521 F2d 1162 Buzzelli v. Minnesota Mining & Manufac- Turing Co
521 F.2d 1162
186 U.S.P.Q. 464
Frank BUZZELLI, Plaintiff-Appellant-Cross-Appellee,
MINNESOTA MINING & MANUFAC- TURING CO., Defendant-Appel-
Nos. 74-2021, 74-2022.
United States Court of Appeals,
July 23, 1975.
Leslie W. Fleming, Butzel, Long, Gust, Klein & Van Zile, Detroit, Mich., Donald M. Sell, Alexander, Sell, Seldt & Delahunt, Richard E. Brink, St. Paul, Minn., for 3M.
Charles W. Chandler, Livonia, Mich., for Frank Buzzelli.
Before PHILLIPS, Chief Judge, and PECK and LIVELY, Circuit Judges.
JOHN W. PECK, Circuit Judge.
This is the second appeal in this patent infringement action brought by plaintiff Frank Buzzelli against defendant Minnesota Mining and Manufacturing Company (hereinafter "3M"). The first appeal resulted in the reversal of a summary judgment entered in favor of 3M on the grounds that the district court failed to consider certain issues of material fact concerning the obviousness of the process involved in the patent and applied an improper standard in determining obviousness. 480 F.2d 541 (6th Cir. 1973). Following the trial on remand, the district court, sitting without a jury, found that 3M had infringed plaintiff's patented "Method for Retaining Hair" by selling "Scotch" brand "Hair Set Tape" for use in practicing the patented process; but the court also found that the patent in suit was invalid because the process was anticipated by uses which were in the public domain (35 U.S.C. § 102) and was obvious "to one of ordinary skill in the art" (35 U.S.C. § 103). Further, the district court held that the patent was unenforceable because of the "inequitable conduct" displayed by plaintiff in failing, during the patent application process, to call attention to material and relevant prior art and in misrepresenting the state of the prior art. Plaintiff here challenges the district court's rulings with regard to invalidity and unenforceability, and 3M cross-appeals from the finding of infringement.
The patent in suit, No. 3,464,424, titled "Method for Retaining Hair," issued September 2, 1969, on an application filed October 23, 1965, which application was a continuation in part of an earlier application which had been abandoned. The patent involves, in the words of the district court, "the combination of sequential steps of (a) wetting the hair, (b) shaping the hair, (c) holding the shaped hair in place with Porous pressure-sensitive adhesive tape adhered to the hair and the skin, and (d) drying the hair under the tape." The only improvement over the prior art was plaintiff's substitution of a porous tape for a non-porous tape in step (c). The infringement as alleged and found by the district court resulted from 3M's marketing of a product called "Scotch Hair Set Tape" for use in setting hair.
The idea of taping hair in place to aid the hair setting process was not novel in 1964. As the district court found, women and hair dressers had been using various types of pressure sensitive adhesive tapes for this purpose since at least the early 1950's. 3M advertised the fact that its cellophane tape could be used for holding hair in place prior to 1964, although no 3M tape was marketed for that specific use until 1964 when its "Scotch Magic Mending Tape" was packaged and advertised as a hair setting tape. Rapid ascendancy of short hairstyles for women in 1964 accelerated the general use by women of tape to aid in setting their hair. At about the same time, the "conditioned air dryer" came into usage in the trade. This dryer pushed air down onto the hair rather than pulling the hair up in the method of the traditional dryer. These two factors, the increased usage of tape and the new design hair dryer, aggravated two problems associated with the non-porous tape. First, the tape was often painful to remove because it pulled hair out and irritated the skin, and secondly, the hair in contact with the tape did not dry properly.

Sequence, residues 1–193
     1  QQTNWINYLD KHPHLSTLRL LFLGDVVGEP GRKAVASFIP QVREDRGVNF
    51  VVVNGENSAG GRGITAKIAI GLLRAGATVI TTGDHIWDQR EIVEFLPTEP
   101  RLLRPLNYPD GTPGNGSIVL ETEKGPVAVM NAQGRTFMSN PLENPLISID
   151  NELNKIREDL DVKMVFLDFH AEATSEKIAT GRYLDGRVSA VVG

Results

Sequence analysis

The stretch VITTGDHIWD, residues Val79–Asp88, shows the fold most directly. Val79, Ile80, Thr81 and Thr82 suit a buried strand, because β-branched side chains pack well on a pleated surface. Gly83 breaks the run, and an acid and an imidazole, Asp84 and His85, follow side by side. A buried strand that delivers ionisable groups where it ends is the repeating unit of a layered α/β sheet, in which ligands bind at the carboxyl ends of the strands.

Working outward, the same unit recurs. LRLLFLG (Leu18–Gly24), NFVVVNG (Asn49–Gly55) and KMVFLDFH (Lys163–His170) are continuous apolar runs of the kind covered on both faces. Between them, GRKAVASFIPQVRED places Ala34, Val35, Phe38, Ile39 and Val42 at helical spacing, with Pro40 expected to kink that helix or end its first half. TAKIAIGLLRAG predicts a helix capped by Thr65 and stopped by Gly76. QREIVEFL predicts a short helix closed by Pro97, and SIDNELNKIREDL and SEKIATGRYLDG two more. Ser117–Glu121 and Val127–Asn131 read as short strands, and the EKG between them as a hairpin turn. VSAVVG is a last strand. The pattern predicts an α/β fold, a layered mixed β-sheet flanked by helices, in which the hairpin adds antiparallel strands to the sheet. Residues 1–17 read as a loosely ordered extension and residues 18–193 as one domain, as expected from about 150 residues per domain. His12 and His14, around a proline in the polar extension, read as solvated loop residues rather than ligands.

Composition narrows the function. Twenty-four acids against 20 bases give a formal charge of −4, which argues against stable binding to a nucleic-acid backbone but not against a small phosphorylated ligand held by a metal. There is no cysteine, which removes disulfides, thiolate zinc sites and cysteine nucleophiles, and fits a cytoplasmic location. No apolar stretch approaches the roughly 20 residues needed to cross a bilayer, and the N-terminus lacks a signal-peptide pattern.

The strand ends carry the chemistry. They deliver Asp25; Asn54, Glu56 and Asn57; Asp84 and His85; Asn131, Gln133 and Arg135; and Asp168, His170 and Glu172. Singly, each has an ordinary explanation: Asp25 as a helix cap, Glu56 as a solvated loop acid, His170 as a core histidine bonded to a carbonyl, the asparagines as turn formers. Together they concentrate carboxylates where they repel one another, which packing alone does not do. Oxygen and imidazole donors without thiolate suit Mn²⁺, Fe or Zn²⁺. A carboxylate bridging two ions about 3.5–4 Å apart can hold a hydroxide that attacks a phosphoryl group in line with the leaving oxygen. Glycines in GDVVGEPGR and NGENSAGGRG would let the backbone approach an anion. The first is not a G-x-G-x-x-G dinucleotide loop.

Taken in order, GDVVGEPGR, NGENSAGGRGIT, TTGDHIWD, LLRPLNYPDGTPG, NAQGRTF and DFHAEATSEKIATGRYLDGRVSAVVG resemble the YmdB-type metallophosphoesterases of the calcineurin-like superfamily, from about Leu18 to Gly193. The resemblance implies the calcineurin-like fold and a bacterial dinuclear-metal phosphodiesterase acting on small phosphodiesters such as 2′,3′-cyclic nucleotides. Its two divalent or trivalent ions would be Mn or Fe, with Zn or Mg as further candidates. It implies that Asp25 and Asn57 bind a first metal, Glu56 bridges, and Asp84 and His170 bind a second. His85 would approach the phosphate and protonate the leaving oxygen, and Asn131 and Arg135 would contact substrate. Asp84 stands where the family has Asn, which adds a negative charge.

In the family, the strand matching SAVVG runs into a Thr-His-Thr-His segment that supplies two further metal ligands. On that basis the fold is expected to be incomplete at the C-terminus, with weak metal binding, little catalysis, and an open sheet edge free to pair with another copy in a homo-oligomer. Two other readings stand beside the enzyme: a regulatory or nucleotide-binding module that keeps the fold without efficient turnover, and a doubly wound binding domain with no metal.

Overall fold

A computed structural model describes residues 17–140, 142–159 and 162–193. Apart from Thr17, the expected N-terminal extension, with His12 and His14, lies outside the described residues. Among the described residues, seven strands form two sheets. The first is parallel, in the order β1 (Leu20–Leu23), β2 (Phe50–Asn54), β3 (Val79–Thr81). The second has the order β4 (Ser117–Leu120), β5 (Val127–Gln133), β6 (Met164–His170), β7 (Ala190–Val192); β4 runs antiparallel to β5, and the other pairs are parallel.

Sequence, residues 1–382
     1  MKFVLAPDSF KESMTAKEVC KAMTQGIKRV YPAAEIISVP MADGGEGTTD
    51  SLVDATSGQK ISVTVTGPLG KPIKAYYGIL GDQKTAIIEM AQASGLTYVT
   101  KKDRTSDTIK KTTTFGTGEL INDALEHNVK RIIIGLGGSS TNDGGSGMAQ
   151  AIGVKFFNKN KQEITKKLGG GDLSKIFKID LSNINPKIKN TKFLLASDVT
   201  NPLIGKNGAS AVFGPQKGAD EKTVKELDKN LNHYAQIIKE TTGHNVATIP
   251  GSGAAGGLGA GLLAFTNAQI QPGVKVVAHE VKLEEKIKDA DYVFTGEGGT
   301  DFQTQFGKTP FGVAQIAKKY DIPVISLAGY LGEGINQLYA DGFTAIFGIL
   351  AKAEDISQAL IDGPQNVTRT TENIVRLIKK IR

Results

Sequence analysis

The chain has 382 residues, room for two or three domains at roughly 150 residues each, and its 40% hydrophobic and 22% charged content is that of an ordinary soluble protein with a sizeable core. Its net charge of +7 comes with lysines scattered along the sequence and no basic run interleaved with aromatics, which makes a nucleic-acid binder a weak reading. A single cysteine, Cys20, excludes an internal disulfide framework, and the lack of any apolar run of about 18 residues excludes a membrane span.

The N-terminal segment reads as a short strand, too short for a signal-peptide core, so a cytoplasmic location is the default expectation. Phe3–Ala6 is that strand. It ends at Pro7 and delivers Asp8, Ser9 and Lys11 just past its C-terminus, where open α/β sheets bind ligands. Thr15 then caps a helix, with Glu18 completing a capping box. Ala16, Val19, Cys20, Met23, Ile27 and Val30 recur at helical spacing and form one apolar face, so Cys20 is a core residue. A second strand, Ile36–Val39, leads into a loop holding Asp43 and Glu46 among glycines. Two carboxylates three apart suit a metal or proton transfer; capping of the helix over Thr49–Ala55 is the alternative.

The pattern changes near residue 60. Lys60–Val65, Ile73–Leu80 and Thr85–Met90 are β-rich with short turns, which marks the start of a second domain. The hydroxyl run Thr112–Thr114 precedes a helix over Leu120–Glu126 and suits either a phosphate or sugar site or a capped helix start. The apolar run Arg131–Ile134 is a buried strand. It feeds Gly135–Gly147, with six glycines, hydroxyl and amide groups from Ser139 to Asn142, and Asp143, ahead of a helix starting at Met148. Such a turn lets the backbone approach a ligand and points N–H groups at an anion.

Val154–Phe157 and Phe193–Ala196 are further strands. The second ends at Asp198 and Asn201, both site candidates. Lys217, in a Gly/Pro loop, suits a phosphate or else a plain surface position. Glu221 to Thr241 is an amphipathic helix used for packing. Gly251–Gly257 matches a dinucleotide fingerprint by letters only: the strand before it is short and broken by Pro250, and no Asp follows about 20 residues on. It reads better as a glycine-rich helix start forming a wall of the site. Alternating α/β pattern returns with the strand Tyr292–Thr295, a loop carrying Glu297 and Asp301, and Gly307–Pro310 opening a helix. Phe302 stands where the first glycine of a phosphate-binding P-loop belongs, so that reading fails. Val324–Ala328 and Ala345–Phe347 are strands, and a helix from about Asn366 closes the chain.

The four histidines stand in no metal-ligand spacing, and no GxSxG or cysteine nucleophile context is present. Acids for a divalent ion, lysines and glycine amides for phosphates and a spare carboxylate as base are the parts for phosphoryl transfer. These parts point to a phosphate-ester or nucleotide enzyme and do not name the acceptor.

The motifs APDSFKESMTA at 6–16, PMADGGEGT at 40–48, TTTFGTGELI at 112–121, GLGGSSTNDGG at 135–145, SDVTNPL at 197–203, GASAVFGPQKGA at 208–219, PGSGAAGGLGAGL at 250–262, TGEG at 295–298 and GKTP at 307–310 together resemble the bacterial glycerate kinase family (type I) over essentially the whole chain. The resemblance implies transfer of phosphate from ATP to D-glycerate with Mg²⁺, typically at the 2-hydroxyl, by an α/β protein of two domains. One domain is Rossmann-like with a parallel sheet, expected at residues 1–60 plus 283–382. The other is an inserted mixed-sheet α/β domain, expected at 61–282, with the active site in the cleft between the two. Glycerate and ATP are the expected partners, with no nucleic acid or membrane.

Plaintiff Buzzelli, a professional hair stylist, used masking tape in 1964 for setting hair, but he was dissatisfied with its performance, especially with its drying properties. His solution, arrived at in May, 1964, was to punch holes in the tape to permit air to pass through the tape backing. This technique not only aided drying, but had the unexpected result of making removal less painful. Plaintiff continued to experiment with perforated tape and in early 1965 contacted the Brady Tape Company which provided him with 10,000 feet of perforated tape to his specifications. According to plaintiff, this tape was well received at various hair styling conventions and he had many requests for it. Problems with the Brady tape caused plaintiff to try a tape prepared by the Forbes Label Tape Company, but this tape too was found lacking. However, while discussing his requirements with the Forbes people, plaintiff was told that 3M had a surgical tape that might be useful.